SWBAT discover the relationships between paired numbers in a table.

Pattern recognition is a critical skill in math, and life. Learning to look for and analyze patterns helps students learn how to use what they know, to solve what they don't.

25 minutes

*Ok, who can teach us today about the patterns in this table? I need you to explain to the class what all of these numbers mean and how we can find what’s missing.*

Student-led teaching is a strategy I use a great deal, especially once we have a lot of practice with a concept. I want students to feel confident in their thinking and the explanations they give to explain thinking in problem solving. Beyond some prompting or clarifying questions (i.e., explain what you are doing, how did you arrive at that answer, how did you figure that out, is there another way?) I allow the students to do their own questioning and answering, as they work with their peers to make sense of problems (MP1).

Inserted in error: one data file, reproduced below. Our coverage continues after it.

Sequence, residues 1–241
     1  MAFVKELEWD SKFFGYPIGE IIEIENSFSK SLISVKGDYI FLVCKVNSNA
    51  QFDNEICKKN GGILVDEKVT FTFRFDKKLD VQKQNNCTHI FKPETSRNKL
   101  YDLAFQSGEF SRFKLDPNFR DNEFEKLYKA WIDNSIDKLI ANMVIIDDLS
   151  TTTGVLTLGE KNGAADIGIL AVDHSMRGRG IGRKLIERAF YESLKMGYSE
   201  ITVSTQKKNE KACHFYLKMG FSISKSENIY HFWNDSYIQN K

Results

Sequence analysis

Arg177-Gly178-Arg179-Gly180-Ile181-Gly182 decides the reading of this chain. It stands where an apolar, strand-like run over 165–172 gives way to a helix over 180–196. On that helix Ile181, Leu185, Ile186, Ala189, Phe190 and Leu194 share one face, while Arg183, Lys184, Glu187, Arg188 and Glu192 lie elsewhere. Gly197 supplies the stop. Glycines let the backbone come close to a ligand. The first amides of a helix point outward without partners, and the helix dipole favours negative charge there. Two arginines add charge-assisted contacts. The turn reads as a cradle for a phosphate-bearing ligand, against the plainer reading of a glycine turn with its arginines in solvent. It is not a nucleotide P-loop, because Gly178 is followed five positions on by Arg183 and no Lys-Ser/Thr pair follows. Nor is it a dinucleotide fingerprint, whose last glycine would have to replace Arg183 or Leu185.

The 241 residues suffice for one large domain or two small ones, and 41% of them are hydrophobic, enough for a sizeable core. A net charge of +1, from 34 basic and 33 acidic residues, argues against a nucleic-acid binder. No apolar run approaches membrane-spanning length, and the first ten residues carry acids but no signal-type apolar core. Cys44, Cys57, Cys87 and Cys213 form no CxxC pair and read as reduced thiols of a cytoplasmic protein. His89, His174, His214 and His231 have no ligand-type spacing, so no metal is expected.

We do three problems on the board and I support students in using whatever strategy works for them (MP5). I think it’s important when building a deep understanding to have kids show their thinking in multiple ways, and be able to explain it and defend their choices (MP3).

35 minutes

*I have a lot of word problems here that are going to help us all think about our number relationships and patterns in a table. Each problem will look a little bit different, which will make us have to really think hard! We will have to rely on our problem solving tricks and tools to find a way to a solution. we may not all use the same tools for each question, but we should all use the tools that work best for us.*

Students return to their seats and work on a variety of word problems that require them to apply their understanding of relationships between numbers and patterns in a table (MP8). I took these questions off of an activity sheet and then cut them up into individual questions.

I like to cut them up into individual 'question cards' so that students can focus on their work, one question at a time. Some students get really overwhelmed by a page (or pages) full of problems and give up long before they ever begin. By cutting them into individual cards it creates a focus on the question they have, solve, and then move on.

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